Welcome to the Caribou Ungava web site!

 

Caribou Ungava is a large research program focused on the ecology of migratory caribou and their predators in the Quebec-Labrador peninsula in a context of climate change and anthropogenic disturbances. The successful completion of a first phase of research (2009-2014), lead us to undertake a second phase of work (2015-2020) which aims at quantifying the factors governing the population dynamics and space use of this large mammal. In addition, the ecology of the caribou’s main predators (grey wolf and black bear) is a new component that will be studied during this second phase. Several researchers from six universities and two governmental organisations will conduct and supervise the numerous research projects planned. The second phase will be accomplished through tight collaboration with our many private and public stakeholders who value the conservation of caribou. 

 

 

News

Capsule #15 online : a new tool to study calf survival

The 15th vignette is now available and focuses on the use of camera collars to assess the survival of caribou calves in their first months of life. Fourteen camera collars were installed on pregnant females in the spring of 2016 and were recovered last September. Barbara Vuillaume, a doctoral student, is responsible to view and analyse the videos. The vignette presents the technique used as well as the preliminary results from a first season. To consult this vignette, click here: This project was also the subject of an article entitled "Caribou Story" in the academic journal Le...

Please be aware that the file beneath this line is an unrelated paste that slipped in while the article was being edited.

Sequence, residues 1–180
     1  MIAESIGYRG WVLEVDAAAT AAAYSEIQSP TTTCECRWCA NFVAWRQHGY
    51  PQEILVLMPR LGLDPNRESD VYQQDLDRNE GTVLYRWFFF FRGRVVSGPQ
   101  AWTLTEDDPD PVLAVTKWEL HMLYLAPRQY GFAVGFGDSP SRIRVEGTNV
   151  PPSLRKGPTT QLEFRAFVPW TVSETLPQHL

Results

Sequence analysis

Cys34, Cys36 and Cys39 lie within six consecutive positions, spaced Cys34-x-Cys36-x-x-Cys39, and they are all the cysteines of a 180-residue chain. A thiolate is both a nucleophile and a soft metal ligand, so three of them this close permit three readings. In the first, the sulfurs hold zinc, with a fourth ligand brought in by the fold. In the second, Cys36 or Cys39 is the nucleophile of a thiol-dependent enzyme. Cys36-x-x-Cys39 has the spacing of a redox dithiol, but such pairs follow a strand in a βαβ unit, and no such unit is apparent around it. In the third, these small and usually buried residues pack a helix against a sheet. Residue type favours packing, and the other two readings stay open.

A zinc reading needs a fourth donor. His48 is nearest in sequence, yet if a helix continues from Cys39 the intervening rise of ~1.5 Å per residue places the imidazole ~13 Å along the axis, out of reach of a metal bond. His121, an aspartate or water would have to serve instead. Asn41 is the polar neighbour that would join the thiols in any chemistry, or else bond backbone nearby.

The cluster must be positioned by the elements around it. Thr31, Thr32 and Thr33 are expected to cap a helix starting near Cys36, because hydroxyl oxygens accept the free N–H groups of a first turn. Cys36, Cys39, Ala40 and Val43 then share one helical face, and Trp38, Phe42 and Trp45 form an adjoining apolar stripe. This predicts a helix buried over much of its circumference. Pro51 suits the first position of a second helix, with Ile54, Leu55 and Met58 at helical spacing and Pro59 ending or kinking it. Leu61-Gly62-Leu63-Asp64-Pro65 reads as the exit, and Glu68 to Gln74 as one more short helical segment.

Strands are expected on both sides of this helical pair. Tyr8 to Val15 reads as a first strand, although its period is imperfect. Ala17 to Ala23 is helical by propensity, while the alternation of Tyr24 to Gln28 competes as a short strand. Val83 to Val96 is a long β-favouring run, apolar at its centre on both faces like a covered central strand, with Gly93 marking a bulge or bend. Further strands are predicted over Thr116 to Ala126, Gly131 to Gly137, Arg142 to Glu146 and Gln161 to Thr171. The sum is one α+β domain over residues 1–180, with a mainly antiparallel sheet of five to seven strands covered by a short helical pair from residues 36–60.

+ learn more

First scientific publications in 2017

Two new scientific publications are now published: 1) The first article is from Sabrina Plante, a doctoral student, and focuses on caribou vulnerability to sport hunting. Sabrina also wrote a vignette on this subject. Plante, S., C. Dussault and S. D. Côté. 2017. Landscape attributes explain migratory caribou vulnerability to sport hunting. Journal of Wildlife Management 81:238-247. Info-Caribou #12 - Vulnerability of migratory caribou to sport hunting. 2) The second article is based on the doctoral works of Mael Le Corre and focuses on the influence of climatic conditions on the...

+ learn more

Caribou Ungava, Université Laval, Département de biologie, Pavillon Alexandre-Vachon, Local 3076
1045, av. de la Médecine, Québec (Québec) G1V 0A6 Canada
Téléphone : 418-656-2131 poste 7537, Fax : 418-656-2043, Courriel : caroline.hins@bio.ulaval.ca
Ce site utilise TYPO3 Réalisation: Équipe Tactic